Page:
Can factor investing become scientific?

A new paper, Causal factor investing: Can factor investing become scientific?, has been written by our esteemed colleague Marcos Lopez de Prado of Cornell University, Abu Dhabi Investment Authority and True Positive Technologies.

In his 75-page preprint, Lopez de Prado argues that almost all journal articles in the “factor investing” literature make assertions that are merely associational observations from statistical analyses, with no attempt to connect these findings to any coherent underlying theory. In other words, these authors justify their chosen model specification merely in terms of correlations or other statistics, and they do not propose experiments for falsifying causal mechanisms. As Lopez de Prado writes, “absent a causal theory, their findings are likely false, due to rampant backtest overfitting and incorrect specification choices.”

[Performance of the Bloomberg – Goldman Sachs Asset Mngt US Equity Multi-Factor Index, 2007-2022

What are the consequences of these failings? First and foremost, the actual returns to investors in factor instruments remain disappointingly low (some would say pathetically low). Lopez de Prado included the graph to the right in his paper, showing the performance of the Bloomberg-Goldman Sachs Asset Management US Equity Multi-Factor Index, 2007-2022.

At first glance, the graph outwardly seems impressive, but once one notices that this 18% or so increase is over a 15 year period, it is clear that this is a decidedly second-rate return. As Lopez de Prado notes, “After more than 15 years of out-of-sample performance, factor investing’s Sharpe ratio [0.29] is statistically insignificant at any reasonable rejection threshold.”

Lopez de Prado devotes much of his paper to discussing causal graphs and the related “do-calculus,” in an effort to provide a rigorous framework for advancing factor investing, thus raising the specialty to the level of a truly effective and scientifically falsifiable discipline. A brief outline of his paper is as follows:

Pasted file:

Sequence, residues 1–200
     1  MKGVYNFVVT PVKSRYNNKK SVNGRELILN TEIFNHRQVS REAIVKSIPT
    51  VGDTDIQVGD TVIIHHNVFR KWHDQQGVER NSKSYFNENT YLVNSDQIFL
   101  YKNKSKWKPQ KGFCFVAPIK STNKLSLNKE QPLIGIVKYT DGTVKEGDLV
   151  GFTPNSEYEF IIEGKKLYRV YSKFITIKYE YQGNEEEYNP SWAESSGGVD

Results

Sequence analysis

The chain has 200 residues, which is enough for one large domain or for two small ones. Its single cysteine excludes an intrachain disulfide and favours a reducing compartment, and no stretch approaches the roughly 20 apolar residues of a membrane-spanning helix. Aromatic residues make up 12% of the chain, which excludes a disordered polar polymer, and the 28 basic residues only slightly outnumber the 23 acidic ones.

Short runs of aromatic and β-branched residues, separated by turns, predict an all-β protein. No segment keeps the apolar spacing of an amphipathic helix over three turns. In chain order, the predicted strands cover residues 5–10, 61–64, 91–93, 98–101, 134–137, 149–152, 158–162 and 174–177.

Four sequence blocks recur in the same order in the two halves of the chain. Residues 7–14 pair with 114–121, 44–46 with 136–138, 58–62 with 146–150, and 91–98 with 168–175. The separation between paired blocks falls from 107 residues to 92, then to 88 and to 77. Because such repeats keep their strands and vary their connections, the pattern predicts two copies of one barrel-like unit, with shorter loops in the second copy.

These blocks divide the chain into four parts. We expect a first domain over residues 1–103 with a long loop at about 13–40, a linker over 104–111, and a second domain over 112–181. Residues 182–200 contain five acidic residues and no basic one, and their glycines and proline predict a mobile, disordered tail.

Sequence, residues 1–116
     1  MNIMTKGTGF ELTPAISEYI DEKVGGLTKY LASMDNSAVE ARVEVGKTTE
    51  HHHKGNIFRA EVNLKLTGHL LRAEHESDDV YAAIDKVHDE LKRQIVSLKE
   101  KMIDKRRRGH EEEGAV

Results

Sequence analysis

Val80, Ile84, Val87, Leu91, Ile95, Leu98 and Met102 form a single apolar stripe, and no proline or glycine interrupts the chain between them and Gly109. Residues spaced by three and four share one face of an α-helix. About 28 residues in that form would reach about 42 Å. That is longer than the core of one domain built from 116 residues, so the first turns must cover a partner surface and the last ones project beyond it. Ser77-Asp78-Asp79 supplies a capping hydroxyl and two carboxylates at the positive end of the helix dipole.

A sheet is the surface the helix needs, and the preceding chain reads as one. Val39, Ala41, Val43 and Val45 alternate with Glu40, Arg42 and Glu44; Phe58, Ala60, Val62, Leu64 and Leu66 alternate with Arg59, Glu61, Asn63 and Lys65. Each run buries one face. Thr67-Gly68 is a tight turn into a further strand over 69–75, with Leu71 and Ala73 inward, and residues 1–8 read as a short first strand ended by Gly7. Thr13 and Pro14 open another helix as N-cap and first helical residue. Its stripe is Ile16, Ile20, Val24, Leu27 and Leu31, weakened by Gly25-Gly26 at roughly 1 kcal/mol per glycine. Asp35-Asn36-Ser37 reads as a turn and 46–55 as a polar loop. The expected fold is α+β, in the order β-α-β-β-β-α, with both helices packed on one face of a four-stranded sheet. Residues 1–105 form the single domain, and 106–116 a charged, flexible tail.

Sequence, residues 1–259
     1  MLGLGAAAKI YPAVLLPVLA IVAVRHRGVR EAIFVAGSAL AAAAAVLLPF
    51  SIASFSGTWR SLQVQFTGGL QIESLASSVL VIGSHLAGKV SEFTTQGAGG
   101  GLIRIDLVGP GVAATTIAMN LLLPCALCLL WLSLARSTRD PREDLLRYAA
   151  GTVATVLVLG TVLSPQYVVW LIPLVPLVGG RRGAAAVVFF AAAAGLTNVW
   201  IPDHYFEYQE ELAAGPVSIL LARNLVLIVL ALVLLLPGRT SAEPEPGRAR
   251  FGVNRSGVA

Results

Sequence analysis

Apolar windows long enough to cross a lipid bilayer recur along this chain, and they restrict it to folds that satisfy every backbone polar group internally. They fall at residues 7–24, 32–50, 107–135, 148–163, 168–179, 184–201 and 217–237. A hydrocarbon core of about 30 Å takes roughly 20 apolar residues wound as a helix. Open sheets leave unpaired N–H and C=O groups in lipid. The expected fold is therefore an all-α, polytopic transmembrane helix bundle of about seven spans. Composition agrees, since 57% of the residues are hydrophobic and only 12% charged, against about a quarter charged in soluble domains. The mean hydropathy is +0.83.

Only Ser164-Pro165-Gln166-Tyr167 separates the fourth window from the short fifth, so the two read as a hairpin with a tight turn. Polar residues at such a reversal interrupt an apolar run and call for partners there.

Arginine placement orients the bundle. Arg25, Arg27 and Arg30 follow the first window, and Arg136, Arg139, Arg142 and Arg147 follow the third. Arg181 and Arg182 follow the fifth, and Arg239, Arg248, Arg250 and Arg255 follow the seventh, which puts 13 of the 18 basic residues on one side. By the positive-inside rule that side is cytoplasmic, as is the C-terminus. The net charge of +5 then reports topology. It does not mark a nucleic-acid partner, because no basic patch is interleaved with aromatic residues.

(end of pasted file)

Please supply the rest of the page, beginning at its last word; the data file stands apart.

1. Analyzing the logical inconsistency that afflicts much of existing factor investing research literature.
  2. Defining two types of spurious claims: type-A and type-B, and emphasizing why it is important for factor investing researchers to distinguish between the two.
  3. Showing how this taxonomy may be employed to derive a hierarchy of empirical evidence used in financial research, based on the susceptibility of spurious evidence.
  4. Showing how Monte Carlo experiments can be designed, in part to illustrate the dire consequences of type-B spurious claims in factor investing.
  5. Providing an alternative explanation for the main findings of the factor investing literature, focusing on the time-varying nature of risk premia reported in some journal articles.
  6. Listing specific actions to rebuild factor investing on the more solid scientific foundation of causal inference.

Here is an excerpt from the Conclusion:

Financial economists’ adoption of causal inference methods has the potential to transform investing into a truly scientific discipline. They are best positioned to inject, make explicit, and argue the extra-statistical information that complements and enriches the work of statisticians. Financial economists interested in causal research would do well in partnering with non-commercial asset managers, such as sovereign wealth funds and endowments. These institutional investors are not conflicted by commercial interests, and their objectives are aligned with their beneficial owners’.

The new discipline of “causal factor investing” will be characterized by the adaptation and adoption of tools from causal discovery and do-calculus to the study of the risk characteristics that are responsible for differences in asset returns. Every year, new alternative datasets become available at an increasing rate, allowing researchers to conduct natural experiments and other types of causal inference that were not possible in the 20th century. Causal factor investing will serve a social purpose beyond the reach of (associational) factor investing: help asset managers fulfill their fiduciary duties with the transparency and confidence that only the scientific method can deliver. To achieve this noble goal, the dawn of scientific investing, the factor investing community must first wake up from its associational slumber.

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